We Need To Truly Enjoy What We Have Left Of Manny Pacquiao

By Mark Elezaj

Who is Manny “PacMan” Pacquiao? Well, for starters, he is a Filipino professional boxer with a record of 62-7-2 with 39 knockouts, as well as a politician who is currently serving as senator of the Philippines.

Did that catch your attention? If not, there’s so much more!

Manny Pacquiao is the only eight-division world champion in boxing history. He has won twelve major world titles. He was the first boxer to win the “lineal championship” in five different weight classes.

Pacquiao is also the first boxer in history to win major world titles in the flyweight, featherweight, lightweight and welterweight divisions.

Pacquiao was named “Fighter of the Decade” by the Boxing Writers Association of America, WBC, and WBO.

He is also a three-time Ring magazine Fighter of the Year, winning the award in 2006, 2008 and 2009.

He won the Best Fighter ESPY Award twice, in 2009 and 2011.

In 2016, ESPN ranked Pacquiao No. 2 on their list of top pound for pound boxers of the past 25 years, and he is currently ranked No. 4 in BoxRec’s ranking of the greatest pound for pound boxers of all time.

Manny Pacquiao started boxing at the age of 14. As an amateur, he had a record of 60-4. He then went on to turn professional when he was only 16 years old.

“When I was younger, I became a fighter because I had to survive. I had nothing. I had no one to depend on except myself. I realized that boxing was something I was good at, and I trained hard so that I could keep myself and my family alive.”

His professional debut was a four-round fight against Edmund “Enting” Ignacio, on January 22, 1995. He came into the fight weighing 106 pounds, and winning via unanimous decision.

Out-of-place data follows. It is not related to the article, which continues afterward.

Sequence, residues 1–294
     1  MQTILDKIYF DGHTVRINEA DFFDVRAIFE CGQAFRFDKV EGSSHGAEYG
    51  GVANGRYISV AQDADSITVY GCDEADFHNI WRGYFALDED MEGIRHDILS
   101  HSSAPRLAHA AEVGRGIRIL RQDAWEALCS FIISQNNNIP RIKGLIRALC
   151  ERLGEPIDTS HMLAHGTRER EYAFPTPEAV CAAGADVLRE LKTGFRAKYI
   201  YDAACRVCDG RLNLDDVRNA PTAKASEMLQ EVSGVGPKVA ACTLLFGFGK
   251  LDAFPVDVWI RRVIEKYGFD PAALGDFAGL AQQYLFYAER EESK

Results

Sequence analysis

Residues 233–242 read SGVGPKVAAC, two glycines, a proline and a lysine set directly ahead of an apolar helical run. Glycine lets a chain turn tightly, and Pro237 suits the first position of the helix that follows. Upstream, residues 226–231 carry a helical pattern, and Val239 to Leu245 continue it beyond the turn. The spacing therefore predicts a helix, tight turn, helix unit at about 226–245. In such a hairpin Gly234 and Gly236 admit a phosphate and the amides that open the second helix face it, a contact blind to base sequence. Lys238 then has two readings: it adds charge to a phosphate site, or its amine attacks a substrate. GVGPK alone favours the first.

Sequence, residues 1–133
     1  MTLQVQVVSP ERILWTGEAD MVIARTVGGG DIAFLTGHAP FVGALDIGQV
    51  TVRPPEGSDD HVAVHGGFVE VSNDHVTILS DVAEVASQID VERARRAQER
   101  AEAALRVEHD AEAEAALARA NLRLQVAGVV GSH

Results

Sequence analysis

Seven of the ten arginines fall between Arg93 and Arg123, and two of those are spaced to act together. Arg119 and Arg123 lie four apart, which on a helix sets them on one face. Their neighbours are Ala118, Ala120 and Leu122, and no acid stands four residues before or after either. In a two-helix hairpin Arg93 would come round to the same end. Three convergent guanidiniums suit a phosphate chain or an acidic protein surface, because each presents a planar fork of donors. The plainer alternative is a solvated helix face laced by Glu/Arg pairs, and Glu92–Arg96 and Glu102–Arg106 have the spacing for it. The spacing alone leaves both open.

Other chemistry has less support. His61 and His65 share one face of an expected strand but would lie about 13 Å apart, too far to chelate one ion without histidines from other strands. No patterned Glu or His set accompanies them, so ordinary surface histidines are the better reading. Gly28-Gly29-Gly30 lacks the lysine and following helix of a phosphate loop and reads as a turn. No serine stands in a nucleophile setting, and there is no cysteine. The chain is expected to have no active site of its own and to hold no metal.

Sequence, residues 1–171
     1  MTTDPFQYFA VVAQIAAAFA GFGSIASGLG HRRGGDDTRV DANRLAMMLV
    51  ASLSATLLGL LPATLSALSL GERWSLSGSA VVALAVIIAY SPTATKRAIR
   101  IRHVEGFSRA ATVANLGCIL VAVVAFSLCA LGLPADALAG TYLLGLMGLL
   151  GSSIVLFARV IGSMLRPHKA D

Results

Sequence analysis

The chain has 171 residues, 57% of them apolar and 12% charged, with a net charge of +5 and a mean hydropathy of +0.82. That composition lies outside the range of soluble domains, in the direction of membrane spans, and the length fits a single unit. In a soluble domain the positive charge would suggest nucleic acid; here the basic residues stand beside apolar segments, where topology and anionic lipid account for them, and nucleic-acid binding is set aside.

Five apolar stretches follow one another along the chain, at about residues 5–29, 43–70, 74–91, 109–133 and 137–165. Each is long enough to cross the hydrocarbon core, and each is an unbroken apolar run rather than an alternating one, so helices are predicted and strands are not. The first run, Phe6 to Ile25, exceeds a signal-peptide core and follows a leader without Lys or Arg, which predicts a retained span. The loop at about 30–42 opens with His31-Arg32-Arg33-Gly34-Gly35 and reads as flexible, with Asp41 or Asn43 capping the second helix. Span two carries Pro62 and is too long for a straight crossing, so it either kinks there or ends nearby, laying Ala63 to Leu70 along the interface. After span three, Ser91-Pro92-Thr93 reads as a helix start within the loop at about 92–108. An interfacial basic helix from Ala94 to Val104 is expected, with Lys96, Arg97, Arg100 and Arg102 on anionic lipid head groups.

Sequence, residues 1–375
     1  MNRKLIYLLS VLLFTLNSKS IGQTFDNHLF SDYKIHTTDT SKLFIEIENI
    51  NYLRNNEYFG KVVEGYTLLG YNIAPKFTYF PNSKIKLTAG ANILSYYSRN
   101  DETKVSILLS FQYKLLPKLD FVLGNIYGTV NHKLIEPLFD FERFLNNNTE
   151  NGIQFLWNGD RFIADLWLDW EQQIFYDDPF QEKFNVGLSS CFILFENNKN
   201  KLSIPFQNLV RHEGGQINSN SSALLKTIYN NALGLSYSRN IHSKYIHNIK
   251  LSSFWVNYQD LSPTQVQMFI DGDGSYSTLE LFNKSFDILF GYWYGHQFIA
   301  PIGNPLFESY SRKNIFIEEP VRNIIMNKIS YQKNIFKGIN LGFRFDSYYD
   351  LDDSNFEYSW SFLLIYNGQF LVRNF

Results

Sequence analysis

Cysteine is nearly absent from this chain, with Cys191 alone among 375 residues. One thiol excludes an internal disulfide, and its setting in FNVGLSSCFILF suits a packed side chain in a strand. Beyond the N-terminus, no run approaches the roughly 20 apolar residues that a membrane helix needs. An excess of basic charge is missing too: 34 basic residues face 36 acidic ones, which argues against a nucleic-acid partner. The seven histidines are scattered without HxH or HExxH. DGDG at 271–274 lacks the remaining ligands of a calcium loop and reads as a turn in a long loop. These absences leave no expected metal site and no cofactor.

After moving up from light flyweight to Super Bantamweight, Pacquiao finally got the big break he was looking for on June 23, 2001.

A Star Is Born

He stepped in as a late replacement, at the MGM Grand Garden Arena, in Las Vegas, Nevada, following two weeks notice, against IBF Super Bantamweight title holder Lehlohonolo Ledwaba. Pacquiao won the fight by technical knockout, winning his second major boxing world title.

Pacquiao went on to defend the title four times before moving up to featherweight.

On November 15, 2003, Pacquiao faced Marco Antonio Barrera at the Alamodome, San Antonio, Texas. Pacquiao stopped Barrera via technical knockout in the eleventh round, winning The Ring and lineal featherweight championships.

With his victory, he became the first Filipino and Asian to become a three-division world champion, a fighter who won world titles in three different weight divisions. He defended the title twice and relinquished it in 2005.

Six months after the Barrera fight, Pacquiao went on to face Juan Manuel Márquez, who was the WBA and IBF Featherweight champion at the time. The fight took place at the MGM Grand Garden Arena, Las Vegas, on May 8, 2004.

In the first round, Márquez was knocked down three times, but weathered the storm with his counterpunch style. At the end of a very close fight, both boxers felt they had done enough to win the fight, the fans witnessed an instant classic and the judges scored the fight a draw.

Pacquiao moved up to super featherweight to fight three-division world champion Érik Morales for the vacant WBC International and vacant IBA Super Featherweight title.

The fight took place at the MGM Grand, Las Vegas. Pacquiao lost the fight by unanimous decision, all three scorecards were 115–113 in favor of Morales.

Pacquiao met Morales in a rematch on January 21, 2006 at the Thomas and Mack Center in Las Vegas.